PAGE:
Ok, a little background on this crazy-sounding title:
Since the pandemic, I've been hard pressed to find local wheat berries. The hard spring red that I've been ordering have been under-performing gluten-wise for bread (more like a 10% rather than a 13% protein content). Rather than search for a new supplier or buy vital wheat gluten like a normal person, I've taken the 'mad scientist' route, as Peter Reinhart might call it.
In addition to my regular pre doughs, a soaker + a biga (commercially yeasted because my new rental seems to be filled with bad guys so that keeping a starter -- and much of my garden -- healthy is a bit more work than usual) I've gotten into the habit of making a washed dough from white flour.
The idea is:
- Mix a small white flour dough (white flour weight about 20% of my total whole wheat weight)
- Autolyze about 10 minutes (water content just enough to form a dough)
- Knead 2-3 minutes with a spoon
- Pop it into a mason jar with a mesh (or cheese cloth) lid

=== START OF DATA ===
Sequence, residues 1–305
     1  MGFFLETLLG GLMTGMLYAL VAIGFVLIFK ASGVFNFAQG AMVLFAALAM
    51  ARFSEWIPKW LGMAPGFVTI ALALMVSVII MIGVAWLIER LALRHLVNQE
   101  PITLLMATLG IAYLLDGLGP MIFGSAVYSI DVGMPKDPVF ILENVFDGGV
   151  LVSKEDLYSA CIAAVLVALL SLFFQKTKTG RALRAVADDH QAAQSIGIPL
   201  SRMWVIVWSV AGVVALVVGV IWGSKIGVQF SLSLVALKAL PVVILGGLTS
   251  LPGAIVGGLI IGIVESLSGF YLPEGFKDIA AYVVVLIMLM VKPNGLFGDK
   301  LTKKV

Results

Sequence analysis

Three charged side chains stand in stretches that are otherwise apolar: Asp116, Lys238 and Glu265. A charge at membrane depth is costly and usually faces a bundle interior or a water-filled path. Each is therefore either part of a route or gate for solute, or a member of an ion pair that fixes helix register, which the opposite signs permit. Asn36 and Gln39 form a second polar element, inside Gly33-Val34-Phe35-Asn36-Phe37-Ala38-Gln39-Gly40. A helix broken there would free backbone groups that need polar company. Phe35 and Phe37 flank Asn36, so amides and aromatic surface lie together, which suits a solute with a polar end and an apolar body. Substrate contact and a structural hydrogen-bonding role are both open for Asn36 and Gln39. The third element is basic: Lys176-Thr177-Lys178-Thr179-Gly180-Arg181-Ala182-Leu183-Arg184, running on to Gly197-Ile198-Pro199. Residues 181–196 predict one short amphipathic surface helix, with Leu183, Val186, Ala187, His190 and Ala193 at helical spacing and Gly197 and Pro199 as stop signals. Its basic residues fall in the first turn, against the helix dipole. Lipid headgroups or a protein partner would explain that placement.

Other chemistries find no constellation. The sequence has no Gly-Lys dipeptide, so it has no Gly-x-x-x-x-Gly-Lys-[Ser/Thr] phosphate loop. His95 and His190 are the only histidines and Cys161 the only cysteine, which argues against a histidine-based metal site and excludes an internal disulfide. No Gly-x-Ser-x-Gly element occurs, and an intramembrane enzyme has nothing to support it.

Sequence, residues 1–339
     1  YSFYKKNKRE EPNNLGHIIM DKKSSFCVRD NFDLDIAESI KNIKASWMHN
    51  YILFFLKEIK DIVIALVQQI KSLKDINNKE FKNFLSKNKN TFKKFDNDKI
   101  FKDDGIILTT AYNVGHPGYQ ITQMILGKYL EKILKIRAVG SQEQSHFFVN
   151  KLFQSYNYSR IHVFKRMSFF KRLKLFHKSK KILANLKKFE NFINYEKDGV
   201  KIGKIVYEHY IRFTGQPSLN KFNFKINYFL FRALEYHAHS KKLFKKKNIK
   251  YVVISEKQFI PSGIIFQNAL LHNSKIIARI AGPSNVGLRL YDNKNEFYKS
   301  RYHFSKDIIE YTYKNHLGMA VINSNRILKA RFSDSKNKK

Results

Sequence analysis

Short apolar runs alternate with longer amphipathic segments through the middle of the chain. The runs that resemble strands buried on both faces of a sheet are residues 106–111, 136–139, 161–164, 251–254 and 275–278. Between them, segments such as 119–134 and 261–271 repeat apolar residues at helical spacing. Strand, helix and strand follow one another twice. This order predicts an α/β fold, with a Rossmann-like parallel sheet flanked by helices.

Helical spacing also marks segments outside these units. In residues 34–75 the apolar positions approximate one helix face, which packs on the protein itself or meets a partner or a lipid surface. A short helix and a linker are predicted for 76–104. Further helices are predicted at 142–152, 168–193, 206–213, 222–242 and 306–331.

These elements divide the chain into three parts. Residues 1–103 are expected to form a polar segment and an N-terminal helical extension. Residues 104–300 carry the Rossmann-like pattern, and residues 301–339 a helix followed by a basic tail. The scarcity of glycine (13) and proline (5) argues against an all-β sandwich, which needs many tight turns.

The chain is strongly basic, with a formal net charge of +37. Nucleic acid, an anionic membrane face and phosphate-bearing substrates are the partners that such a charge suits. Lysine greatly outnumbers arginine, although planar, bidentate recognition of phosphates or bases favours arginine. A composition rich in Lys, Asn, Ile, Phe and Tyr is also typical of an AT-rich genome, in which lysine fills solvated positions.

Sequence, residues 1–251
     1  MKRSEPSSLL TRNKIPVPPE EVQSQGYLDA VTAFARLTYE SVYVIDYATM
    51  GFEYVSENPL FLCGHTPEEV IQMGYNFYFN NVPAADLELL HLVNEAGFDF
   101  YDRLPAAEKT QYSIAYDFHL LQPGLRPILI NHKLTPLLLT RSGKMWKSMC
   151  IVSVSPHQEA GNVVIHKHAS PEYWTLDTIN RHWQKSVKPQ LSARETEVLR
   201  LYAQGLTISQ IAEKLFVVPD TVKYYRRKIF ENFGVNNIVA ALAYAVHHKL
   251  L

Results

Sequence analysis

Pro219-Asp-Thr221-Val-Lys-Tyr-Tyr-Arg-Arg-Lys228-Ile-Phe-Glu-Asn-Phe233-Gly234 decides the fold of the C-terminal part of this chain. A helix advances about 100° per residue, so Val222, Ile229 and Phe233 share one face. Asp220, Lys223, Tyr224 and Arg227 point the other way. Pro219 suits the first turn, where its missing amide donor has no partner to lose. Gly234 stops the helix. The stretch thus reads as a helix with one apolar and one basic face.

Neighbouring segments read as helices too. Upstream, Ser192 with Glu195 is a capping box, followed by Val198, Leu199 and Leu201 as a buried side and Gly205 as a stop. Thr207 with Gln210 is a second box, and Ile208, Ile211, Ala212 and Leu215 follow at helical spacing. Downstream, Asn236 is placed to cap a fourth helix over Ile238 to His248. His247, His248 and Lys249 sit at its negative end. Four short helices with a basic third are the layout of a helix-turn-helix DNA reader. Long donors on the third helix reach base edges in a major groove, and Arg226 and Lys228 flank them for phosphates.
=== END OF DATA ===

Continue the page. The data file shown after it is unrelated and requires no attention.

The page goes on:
- Let warm water run over it until it comes out clean
- Finish with cool water, pop it in the fridge
What's left over looks like a snot ball, about 20% the size of the original mass, and should be a high-hydration dough that is mostly gluten. I pop this in with my (hydration-adjusted) predoughs when I'm mixing the next day. About 70% of the time I find that this significantly improves the dough elasticity. The other 30% of the time, the gluten seems to dissolve and disappear with no effect.
This is a fairly new practice to me, so I haven't controlled for all the variables. I'm wondering if anyone else has experimented down this route? I'm guessing that my 30% failure comes from my predoughs and not the gluten ball
I'm curious about how treating the fresh gluten ball prior to addition might affect the final loaf, and will probably experiment over the holidays a bit. Some ideas I might investigate are:
- Kneading alone prior to combining
- Salt/acid/heat treatment
- Adding mixers into the gluten to trap flavor (how it is used in some Chinese soups)
- Adding it to the biga/soaker straight away
- combining it with a non-glutenous flour to make hybrid breads (specifically interested in a masa corn bread which usually has a watered down taste in the 50/50 flour version)
- Some kind of fermentation (not necessarily yeast)? Maybe cool flavors
I can't find any info online about this so I figured I'd post here to see if anyone had thoughts :)